The cabin was in the wilderness, many miles from a post office. Besides the old car they shared, Smith was all she had, except her painting supplies, and clothes, and her reflection in a mirror, and the letters she was receiving from Florida. Her private game, every night, just before falling asleep, was wondering about the quickest way to die in Alaska. Over and over her last sight in her mind before falling asleep was a brilliant, melting, dangerous-looking icicle, about to fall, like a gravity-powered spear.
For months, in the cabin, she knew she soon had to find a way to tell the Englishman, twice her age, who was writing to her, who loved stamps and pale blue paper and envelopes the color of old postal aerogrammes—a very slightly-purplish blue, a mountain color—that she was not alone in Alaska; she was with Smith. So he could rescue her. Smith, who had glittery blue eyes, was prematurely balding and had a thick mustache, early on in their relationship in Florida had displayed a showing-off, pipe-smoking habit, after frying eggs in his oiled, black, I-go-camping-and-canoeing cast-iron pan. She couldn’t really remember how she’d met him, or precisely when; it had had something to do with her roommate’s roommates, and her tiring of the roommates she had, and his roommates moving elsewhere. Economics.
But every night in the cabin sleep came fast, closing in on her like the sudden presence of a shaggy moose, pushing away thoughts of icicles, which were her way of punishing herself for leaving Florida, where the courtly, slow-moving, older-than-her art historian was. Always in the morning there was the something hot to drink, sometimes in one of Smith’s red grocery-store cups with febrile white swirls in its glaze, swirls added by a factory to make them look handmade. The cups did hold heat well enough, and the red had a bright Santa look; she realized her insomnia, at least, in the North, was less. Cold made you more grateful for sleep; the cold also made Smith, mostly, forget about sex.
Smith often told her he might be descended from gypsies: that’s what, he said, the Smith name was secretly famous for. And we’ve done something gypsy, he said, one day, after they had been in the creative-residency cabin in Alaska two months, and they’d run out of eggs and tobacco, even, and he’d had to shift from frying eggs to making small thick pots of oatmeal. There was no more pulling out his pipe, after frying eggs. We didn’t, he said, pay any of our last utility bills in Florida. Can we let the old man pay? Isn’t he a millionaire, at least? Or is he making up that stuff about The Louvre?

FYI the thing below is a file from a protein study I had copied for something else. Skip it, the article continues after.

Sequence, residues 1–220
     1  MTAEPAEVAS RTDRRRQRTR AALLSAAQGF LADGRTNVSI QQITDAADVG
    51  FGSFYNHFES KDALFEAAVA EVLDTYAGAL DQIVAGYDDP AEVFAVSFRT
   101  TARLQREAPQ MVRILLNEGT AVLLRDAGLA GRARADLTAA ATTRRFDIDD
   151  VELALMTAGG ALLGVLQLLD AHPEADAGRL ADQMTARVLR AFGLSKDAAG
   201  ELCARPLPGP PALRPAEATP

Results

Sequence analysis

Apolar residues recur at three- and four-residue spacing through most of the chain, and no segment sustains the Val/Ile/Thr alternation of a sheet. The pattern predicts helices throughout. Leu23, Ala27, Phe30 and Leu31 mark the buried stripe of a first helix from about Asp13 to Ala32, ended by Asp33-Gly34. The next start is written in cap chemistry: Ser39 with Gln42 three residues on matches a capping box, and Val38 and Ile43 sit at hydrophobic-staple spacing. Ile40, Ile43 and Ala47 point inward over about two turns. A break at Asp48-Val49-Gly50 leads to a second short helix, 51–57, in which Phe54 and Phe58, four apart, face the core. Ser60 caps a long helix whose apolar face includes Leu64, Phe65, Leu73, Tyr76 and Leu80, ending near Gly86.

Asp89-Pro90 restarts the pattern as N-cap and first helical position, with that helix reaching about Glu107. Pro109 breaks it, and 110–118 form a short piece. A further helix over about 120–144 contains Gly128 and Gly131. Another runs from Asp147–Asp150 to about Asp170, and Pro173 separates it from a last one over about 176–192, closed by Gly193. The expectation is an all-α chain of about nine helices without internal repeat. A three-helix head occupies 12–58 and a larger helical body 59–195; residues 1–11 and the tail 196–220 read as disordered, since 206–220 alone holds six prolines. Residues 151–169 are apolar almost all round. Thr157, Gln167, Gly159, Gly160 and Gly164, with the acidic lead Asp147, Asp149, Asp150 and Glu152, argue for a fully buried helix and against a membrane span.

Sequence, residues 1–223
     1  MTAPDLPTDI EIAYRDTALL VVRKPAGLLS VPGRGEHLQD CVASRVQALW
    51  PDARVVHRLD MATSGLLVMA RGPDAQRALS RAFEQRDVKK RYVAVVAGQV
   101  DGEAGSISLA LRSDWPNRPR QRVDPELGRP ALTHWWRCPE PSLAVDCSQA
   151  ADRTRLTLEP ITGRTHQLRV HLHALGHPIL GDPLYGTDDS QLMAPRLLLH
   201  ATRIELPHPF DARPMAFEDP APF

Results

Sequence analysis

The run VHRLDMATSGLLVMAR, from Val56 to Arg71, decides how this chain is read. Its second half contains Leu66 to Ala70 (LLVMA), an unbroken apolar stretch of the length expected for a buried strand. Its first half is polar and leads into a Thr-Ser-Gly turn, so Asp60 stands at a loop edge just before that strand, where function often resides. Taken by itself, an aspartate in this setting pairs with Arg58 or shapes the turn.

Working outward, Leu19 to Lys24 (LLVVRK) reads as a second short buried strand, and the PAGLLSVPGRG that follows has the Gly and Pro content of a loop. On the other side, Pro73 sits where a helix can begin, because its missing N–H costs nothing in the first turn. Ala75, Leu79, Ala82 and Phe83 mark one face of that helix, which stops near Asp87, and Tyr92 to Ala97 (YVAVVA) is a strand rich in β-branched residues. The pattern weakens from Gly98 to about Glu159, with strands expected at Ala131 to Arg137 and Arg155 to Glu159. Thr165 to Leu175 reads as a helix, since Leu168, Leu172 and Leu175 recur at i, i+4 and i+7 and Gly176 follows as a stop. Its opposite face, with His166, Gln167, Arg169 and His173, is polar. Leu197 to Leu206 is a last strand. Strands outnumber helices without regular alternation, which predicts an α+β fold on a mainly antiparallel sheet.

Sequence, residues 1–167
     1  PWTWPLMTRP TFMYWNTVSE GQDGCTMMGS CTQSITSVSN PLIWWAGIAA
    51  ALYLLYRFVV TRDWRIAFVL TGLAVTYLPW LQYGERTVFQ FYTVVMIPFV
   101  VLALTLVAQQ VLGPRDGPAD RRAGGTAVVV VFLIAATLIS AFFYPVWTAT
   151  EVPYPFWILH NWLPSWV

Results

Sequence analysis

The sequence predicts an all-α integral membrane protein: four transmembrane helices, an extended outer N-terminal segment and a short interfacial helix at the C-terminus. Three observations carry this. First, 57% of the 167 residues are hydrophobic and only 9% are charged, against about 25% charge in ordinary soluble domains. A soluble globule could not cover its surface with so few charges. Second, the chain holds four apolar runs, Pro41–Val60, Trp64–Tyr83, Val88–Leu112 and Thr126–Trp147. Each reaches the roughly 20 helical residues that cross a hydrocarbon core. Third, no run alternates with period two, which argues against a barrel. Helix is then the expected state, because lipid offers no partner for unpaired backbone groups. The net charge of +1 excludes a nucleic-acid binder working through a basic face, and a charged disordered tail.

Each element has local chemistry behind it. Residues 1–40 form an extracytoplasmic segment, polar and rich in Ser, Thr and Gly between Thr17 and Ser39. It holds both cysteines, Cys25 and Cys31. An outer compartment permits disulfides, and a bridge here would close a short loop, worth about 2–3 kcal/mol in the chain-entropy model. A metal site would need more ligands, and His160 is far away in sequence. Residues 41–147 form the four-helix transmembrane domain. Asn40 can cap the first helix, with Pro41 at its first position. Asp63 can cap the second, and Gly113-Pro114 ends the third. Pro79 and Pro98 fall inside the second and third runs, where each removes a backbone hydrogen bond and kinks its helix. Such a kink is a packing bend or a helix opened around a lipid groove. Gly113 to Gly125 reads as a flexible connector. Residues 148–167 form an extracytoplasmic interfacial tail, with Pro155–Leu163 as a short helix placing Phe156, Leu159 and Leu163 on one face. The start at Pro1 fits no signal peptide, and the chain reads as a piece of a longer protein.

They would laugh; it meant, she realized later, they would probably never be returning to Florida, that he considered the man in Florida abandoned, too, though the letters kept appearing. Or that he was suggesting he be abandoned, for a new Alaska future. For a full three months, extendable to six if they decided they needed more time for what the national park system called their creative projects, they had had, blissfully, no bills to pay, except by statement: what they had accomplished in Alaska, creatively, thanks to their wilderness residency.
Each day they discussed whether they should just stay on, in Alaska. They did not even have a storage unit, still, in Florida; it would be, really, much cheaper to stay than to travel all the way back, return. Economics. So, five months later, they stayed on; and they stayed together. They had very little money and rent was cheaper for two. They would not have guessed it could happen, but somehow, five years later, they were still in Alaska, together, living in a rented house on stilts in the warmer, populated-with-boats-and-people Homer. Tourists loved Homer; it was a picturesque harbor, always complex with boats. The tourists who came and went made them feel almost like Alaska natives in comparison, until truly native Alaskans appeared, like the fierce Athabascan men, who were given special status, still allowed to hunt and kill one whale a year. Their glowers, when they visited Homer, made you know you were over-hearty, over-confident, over-new.
Tourists were easily pleased: they wanted to eat well, to listen not very well to music (does that singer Jewel ever come home to Homer, guests would always ask). Guests liked the big flat pale varieties of fish you could have filling your plate for dinner, all the bright frosty brave cheery colors of houses and ships in the harbor. The ships tied up in the harbor kept moving, on their ropes, looking as if the sea inhaled and exhaled powerfully, constantly, beneath them, urging them to go out to sea. The house on stilts they rented even swayed slightly, too. That magical sway, Smith liked to say. (Smith, though he no longer wrote, was still occasionally poetic.)